To meet the demands of this expanding population, the medical industry is developing bariatric equipment that is specifically designed to assist the obese population. Manufacturers have lagged in bariatric product development as a result of higher production costs and lack of reimbursement codes by Medicare. Providers have been slow in accepting bariatric products due to their focus on other, more profitable segments such as oxygen concentrators. Providers were reluctant to embrace bariatric equipment due to the high servicing costs associated with the products’ larger size and increased weight.
High Equipment Costs
A major challenge for the bariatric equipment market is the high price. For example, a bariatric power chair can cost up to 200 percent more than the average chair. Medicare recently revised the definition of bariatric-grade products allowing higher fees for heavier-duty equipment. As a result of heightened demand and increasing reimbursement rates, market participants are broadening their portfolio of bariatric equipment and complimentary product lines.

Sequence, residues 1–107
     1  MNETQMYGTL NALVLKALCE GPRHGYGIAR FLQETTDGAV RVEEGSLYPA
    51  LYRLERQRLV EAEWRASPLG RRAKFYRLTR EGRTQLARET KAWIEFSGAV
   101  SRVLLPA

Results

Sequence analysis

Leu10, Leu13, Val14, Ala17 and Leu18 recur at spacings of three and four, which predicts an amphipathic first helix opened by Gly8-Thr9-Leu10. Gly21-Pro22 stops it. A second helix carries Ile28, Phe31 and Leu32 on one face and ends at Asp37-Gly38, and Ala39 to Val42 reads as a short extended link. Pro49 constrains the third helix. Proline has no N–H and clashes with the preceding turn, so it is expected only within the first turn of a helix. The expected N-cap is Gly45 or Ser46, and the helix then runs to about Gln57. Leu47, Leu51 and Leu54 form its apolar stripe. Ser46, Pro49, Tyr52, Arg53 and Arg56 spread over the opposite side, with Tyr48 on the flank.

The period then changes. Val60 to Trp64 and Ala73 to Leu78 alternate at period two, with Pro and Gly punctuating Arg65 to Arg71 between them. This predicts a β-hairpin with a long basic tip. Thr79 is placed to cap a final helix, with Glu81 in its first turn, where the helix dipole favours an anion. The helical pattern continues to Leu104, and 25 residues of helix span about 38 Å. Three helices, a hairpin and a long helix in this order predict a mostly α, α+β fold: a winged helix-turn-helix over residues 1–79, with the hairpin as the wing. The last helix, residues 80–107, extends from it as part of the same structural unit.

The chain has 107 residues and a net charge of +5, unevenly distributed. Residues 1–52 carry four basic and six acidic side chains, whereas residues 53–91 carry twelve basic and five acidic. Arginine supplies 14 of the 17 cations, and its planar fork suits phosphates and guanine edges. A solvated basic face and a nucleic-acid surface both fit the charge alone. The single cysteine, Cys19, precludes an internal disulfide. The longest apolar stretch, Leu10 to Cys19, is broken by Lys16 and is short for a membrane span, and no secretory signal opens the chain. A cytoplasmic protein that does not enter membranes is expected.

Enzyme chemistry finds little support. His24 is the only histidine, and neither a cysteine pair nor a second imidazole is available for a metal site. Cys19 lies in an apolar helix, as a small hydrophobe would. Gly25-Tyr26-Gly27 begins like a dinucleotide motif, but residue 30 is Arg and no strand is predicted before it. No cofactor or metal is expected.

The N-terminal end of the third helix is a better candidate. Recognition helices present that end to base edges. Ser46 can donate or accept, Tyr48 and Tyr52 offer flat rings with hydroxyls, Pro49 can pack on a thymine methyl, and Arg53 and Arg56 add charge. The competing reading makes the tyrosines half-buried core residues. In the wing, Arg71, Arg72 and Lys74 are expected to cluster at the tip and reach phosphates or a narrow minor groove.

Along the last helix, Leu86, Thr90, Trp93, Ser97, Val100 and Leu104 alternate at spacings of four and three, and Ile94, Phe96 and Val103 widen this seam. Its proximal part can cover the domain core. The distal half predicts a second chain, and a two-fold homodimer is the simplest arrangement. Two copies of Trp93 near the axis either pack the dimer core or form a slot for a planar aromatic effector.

What once was a niche area where manufacturers and providers supplemented their product lines, bariatric equipment is now one of the fastest growing segments in the durable equipment market.
Growing Number of Bariatric Products
This market is finally receiving the attention it deserves with manufacturers directing more of their resources to product development. A growing number of companies have launched new lines of bariatric products. Over the past three years, this market has expanded almost as quickly as waistlines, from specialty beds to compression hosiery. The latest additions to bariatric equipment include items such as walkers, patient lifts, bath benches, canes and crutches.